The VV can only apologise for not posting as often as she should, but what with the publication of a new book at the end of 2016, and since then the excitement of Christmas ~ and the ensuing festive bout of flu ~ things have been a little busy.
One of her favourite Christmas gifts was a book that kept her occupied for many a wintery afternoon. It is called A PICTORIAL HISTORY OF THE SILENT SCREEN and was compiled and written by Daniel Blum, an American theatre director who was clearly in love with silent films, amassing a remarkable archive of photographic material.
We may think of the silents as being screened in the 1920s, but moving films were being made from the late Victorian era on. At the forefront of this technology, at least in America (I have, and shall write more about the vibrant UK film business in the Victorian and Edwardian eras, and for more on this at the present time please see the posts in my sister blog The Eclectic Edwardian), was the businessman, Thomas Edison.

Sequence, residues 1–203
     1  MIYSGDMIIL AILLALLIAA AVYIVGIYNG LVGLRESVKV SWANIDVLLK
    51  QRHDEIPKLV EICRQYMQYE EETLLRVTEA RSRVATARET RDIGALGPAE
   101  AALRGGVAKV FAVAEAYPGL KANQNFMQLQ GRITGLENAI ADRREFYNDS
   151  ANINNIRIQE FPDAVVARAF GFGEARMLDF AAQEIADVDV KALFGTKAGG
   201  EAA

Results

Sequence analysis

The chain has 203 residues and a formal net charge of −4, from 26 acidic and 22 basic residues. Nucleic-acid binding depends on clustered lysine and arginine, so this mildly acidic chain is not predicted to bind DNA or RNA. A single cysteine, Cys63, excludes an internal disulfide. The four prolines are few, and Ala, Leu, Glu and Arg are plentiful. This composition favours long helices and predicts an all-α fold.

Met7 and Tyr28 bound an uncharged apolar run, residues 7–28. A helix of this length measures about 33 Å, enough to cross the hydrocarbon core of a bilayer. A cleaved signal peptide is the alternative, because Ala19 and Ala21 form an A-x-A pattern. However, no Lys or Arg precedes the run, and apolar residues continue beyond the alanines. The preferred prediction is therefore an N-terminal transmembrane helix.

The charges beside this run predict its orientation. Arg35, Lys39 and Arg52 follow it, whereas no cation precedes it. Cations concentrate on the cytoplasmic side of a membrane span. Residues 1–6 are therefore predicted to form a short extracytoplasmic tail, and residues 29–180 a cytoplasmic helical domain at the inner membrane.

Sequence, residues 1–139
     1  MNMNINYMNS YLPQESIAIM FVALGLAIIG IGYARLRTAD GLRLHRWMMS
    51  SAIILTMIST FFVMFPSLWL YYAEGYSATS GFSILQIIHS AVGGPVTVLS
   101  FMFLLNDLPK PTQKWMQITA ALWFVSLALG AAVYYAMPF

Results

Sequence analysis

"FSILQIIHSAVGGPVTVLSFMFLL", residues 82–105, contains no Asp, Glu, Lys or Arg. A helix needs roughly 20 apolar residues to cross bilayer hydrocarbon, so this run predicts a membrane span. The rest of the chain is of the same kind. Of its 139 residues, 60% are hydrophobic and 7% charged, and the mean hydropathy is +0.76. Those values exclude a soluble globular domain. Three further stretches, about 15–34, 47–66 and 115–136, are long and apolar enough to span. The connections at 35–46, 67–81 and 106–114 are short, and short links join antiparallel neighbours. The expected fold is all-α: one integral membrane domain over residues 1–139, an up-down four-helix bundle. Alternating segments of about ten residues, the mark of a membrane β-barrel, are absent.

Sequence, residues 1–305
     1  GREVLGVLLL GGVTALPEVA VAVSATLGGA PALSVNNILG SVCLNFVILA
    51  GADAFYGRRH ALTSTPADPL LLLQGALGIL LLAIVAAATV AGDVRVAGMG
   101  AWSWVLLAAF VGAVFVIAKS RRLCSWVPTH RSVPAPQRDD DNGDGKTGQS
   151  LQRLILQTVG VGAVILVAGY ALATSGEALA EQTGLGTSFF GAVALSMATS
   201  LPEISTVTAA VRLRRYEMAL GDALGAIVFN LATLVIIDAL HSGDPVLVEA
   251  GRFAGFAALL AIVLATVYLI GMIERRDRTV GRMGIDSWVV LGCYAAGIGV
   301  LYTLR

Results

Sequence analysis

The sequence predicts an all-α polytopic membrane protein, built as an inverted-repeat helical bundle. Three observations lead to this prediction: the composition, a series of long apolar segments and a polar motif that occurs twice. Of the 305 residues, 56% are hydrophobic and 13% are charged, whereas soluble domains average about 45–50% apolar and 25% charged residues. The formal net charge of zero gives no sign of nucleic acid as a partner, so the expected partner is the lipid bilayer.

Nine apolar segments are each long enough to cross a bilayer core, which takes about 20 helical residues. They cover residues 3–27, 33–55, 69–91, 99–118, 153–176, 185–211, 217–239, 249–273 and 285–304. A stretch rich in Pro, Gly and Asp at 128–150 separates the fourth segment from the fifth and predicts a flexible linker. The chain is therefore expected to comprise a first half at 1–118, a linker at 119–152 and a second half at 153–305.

Edison was actually of the mind that the moving pictures industry was a flash in the pan that wouldn't last, but he still invested heavily in the production of Kinetoscopes ~ which were cabinets with a peephole that contained long looping reels of film. When a customer put a coin in a slot and turned a handle on the side, they saw - through a shining beam of light ~ the flicker of moving images.
The first kinetoscope was built in East Orange, New Jersey. Unveiled on February 1 1893, it was called the Black Maria, and the interest shown in it was such that, by 1894, the machines were in commercial use in Kinetoscope Parlors in New York; and soon all across America.
The first film recorded for these machines showed a performer called Fred Ott in the process of having a jolly good sneeze. It's astonishing to see this now ~ with the film so short and seemingly of very little interest. But it marked the start of the film industry, and what a world of visual delights was soon to follow on. Films that showed contortionists, boxers, dancers, and carnival acts ~ and later the charismatic stars who appeared in dramatic narratives, to shimmer across the silver screen.